(Sorry for the late reply … the last week has been hectic, and next week I’ll be out in the far northish-west so commenting will be slack then too).

  6. leroyhunter

    I missed “This Film is Not yet Rated” but it sounded well worth a look. You talked before about the Hays Code, it’s fascinating stuff. How ratings are made, how the criteria change, the individual works that push the boat out.

    I’ve become quite blasé about ratings as I get older and need to watch that I don’t find myself allowing my kids to watch something totally out of order.

    • Yes, even if the subject doesn’t sound that interesting, it’s not hard to get swept up in it all. The basic premise is that violence is ok, while sex is not. Tut tut.

    • To tell you how silly The Hays Code was–one ‘rule’ was that if there was a dancing scene, both legs of the woman weren’t supposed to be off the ground. Those censors had dirty minds.

  7. Love the film – did it follow the book closely?
    BTW, I just bought the Black Lizard Big Book of Black Mask Stories. At 1100+ pages, I can be hard boiled for some time on my commute!

    • There are some minor differences (time that takes place between Markham running off with the dame and the past catching up) and some big differences: in the film, Kathy shoots Markham’s partner.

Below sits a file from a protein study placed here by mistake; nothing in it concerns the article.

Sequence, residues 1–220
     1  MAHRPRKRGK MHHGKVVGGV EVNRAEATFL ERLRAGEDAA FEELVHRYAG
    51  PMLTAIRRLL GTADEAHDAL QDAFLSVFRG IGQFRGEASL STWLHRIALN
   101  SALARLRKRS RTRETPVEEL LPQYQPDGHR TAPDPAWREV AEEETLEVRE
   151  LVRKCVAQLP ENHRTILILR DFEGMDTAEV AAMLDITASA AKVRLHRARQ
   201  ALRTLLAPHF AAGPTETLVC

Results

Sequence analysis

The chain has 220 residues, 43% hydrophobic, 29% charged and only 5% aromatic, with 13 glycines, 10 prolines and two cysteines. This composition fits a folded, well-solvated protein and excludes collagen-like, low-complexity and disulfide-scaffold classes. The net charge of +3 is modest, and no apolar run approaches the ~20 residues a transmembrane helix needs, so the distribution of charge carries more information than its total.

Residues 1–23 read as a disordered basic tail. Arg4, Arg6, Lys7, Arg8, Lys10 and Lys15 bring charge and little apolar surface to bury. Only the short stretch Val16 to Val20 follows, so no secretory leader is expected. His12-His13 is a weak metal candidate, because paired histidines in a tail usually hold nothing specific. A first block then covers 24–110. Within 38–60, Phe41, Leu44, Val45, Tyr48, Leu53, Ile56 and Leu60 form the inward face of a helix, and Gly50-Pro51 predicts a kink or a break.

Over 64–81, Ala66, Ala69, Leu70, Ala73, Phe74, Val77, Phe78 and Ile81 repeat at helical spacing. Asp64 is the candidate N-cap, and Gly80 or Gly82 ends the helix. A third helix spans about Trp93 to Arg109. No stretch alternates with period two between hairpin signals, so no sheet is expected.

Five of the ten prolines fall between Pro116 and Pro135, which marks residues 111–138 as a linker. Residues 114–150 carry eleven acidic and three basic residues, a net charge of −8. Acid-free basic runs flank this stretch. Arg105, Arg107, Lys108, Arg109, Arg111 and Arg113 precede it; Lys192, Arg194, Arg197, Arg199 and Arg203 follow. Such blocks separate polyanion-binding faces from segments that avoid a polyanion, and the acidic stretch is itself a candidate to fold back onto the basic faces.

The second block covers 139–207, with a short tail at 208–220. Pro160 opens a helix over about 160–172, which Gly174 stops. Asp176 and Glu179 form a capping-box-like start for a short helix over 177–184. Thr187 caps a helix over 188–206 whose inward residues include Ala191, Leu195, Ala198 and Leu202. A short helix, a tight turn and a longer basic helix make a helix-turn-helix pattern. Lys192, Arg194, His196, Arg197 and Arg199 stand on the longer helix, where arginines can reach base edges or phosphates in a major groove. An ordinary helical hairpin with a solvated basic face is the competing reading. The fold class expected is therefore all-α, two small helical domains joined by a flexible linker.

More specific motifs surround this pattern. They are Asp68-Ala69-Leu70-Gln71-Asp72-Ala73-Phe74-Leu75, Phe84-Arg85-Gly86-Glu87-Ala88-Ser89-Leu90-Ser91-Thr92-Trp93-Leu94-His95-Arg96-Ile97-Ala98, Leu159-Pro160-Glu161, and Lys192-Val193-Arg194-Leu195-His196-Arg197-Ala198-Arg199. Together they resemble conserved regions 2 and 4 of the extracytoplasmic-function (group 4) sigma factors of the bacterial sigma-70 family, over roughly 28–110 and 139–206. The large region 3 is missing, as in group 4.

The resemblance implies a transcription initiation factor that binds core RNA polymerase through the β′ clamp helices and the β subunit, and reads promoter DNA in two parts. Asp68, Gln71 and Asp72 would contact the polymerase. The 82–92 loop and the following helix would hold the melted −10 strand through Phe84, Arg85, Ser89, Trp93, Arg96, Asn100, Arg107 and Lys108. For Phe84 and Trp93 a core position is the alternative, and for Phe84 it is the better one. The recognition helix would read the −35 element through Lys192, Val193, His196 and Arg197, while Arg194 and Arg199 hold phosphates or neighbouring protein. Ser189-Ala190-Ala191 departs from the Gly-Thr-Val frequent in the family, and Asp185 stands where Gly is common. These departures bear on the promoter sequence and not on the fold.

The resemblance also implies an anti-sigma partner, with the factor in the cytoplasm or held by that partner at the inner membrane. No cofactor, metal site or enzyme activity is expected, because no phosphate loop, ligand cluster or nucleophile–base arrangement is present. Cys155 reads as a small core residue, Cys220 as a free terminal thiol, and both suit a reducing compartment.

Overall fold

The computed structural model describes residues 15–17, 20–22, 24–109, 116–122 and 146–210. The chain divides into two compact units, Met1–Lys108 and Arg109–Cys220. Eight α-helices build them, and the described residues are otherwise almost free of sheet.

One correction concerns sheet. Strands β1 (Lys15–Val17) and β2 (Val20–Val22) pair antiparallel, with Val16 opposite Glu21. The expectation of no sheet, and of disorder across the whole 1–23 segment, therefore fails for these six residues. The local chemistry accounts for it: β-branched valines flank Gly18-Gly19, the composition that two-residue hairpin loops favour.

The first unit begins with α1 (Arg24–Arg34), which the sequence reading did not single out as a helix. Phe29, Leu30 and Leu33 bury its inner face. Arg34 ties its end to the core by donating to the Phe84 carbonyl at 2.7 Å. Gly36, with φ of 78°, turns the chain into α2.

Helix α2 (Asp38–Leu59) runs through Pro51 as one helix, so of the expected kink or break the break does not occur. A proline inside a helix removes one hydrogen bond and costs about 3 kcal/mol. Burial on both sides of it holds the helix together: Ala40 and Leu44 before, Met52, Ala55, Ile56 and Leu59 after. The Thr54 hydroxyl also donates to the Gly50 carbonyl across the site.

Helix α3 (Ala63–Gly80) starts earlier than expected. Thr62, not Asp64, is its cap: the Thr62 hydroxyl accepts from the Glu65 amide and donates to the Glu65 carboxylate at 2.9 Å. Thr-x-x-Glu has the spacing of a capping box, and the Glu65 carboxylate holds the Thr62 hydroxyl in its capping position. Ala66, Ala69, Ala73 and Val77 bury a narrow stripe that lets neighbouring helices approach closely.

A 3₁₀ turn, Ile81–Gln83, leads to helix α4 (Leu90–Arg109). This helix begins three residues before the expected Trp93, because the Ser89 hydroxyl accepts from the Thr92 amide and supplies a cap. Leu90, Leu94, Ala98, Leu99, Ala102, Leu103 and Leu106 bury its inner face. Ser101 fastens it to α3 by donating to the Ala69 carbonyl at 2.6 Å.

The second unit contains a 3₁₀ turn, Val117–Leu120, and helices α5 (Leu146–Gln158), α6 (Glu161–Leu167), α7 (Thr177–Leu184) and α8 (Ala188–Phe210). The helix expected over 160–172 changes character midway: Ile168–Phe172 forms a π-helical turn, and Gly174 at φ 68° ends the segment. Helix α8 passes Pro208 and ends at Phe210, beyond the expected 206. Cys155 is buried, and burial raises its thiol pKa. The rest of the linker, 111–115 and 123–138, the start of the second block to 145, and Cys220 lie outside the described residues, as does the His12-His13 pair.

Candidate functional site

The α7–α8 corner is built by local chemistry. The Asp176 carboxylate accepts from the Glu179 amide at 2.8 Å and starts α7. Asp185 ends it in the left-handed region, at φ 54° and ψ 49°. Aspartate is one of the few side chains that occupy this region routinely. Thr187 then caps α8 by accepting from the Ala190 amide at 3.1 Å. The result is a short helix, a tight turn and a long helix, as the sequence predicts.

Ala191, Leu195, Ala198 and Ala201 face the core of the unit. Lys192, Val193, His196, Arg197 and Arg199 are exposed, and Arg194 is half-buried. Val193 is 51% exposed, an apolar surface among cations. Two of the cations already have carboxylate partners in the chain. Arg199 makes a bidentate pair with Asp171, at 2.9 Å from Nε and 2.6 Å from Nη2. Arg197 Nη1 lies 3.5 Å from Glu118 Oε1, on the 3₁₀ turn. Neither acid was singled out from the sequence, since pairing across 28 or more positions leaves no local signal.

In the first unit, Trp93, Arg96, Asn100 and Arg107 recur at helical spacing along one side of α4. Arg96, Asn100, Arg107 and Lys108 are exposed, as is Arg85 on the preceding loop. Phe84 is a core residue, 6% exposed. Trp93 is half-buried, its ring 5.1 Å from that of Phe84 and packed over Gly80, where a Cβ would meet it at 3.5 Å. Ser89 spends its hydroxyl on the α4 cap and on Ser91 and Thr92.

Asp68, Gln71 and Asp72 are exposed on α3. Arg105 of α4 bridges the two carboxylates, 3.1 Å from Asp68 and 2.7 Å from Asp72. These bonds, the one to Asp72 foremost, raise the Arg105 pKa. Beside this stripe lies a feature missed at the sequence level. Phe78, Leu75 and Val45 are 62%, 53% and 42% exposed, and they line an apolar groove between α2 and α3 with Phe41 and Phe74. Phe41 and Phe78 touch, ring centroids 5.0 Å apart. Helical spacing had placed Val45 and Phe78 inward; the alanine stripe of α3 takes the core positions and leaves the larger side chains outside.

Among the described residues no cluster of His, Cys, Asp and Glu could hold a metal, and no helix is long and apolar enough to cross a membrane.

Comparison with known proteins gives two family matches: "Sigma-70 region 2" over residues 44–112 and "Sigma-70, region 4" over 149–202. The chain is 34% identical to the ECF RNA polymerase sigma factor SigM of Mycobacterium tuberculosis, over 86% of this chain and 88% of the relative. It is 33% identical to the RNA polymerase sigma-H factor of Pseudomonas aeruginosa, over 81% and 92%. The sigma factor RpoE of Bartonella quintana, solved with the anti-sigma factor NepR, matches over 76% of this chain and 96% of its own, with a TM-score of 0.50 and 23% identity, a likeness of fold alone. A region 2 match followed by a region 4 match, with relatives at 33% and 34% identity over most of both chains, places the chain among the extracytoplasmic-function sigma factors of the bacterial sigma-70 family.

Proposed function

The book spends a considerable amount of time in NY and we see the set-up. Plus the ending is different–once again highlighting Kathy’s (Mumsie in the book) duplicity.

      I would say that the film plays up the femme fatale angle as Kathy is very much the femme fatale who’s not worried about getting her hands dirty. In the book she’s sly and some of her actions and involvement seem murkier.

      I have that book also. Have you seen the book, The Best Noir of the Century?

      • The Best Noir of the Century I have my hands full with the stuff I have now!

        On your book-into-film theme:
        I’m reading The Maltese Falcon, and I just watched the film again. I was surprised at closely it follows the story, even the dialog. Nowadays, nobody ‘adapts’ films that way, no? I always wondered why Spade made those funny movements with his lips, and now I know that they are right in the story.

        The Hot Spot was good too, and also closely followed the text. That film is 20 years old, so does my above statement hold? Is it noir-fans who know not to mess with a good thing? Is there something about lit-noir that is inherently ‘filmic?’ What led to what? I must say, though, that the scene with Madsen holding a gun to Johnson while she unzips his fly struck me as an unnecessary concession to contemporary standards, although not out of line with the spirit of the book. I just find it refreshing to watch old films in which things are hinted at rather than made explicit. Of course, they had no choice then…

  8. I think you have a good point–noir fans do tend to be fanatics. Read: Don’t fuck with my Hammett, dammit.

    So perhaps if there’s a noir film project in mind those involved have tracks laid down as far as style, content and not messin’ with the masters of the genre.

    I mean … it’s sacrilege.

    Have you see Romeo is Bleeding? Another fav neo-noir.

  9. Romeo is Bleeding
    Yes, I love that film! I think it captures the noir in the neo noir better than a lot of others. The protaganist is a fabulous character.

  10. Pingback: Why in hell did the past have to catch up with him now? | Book Around The Corner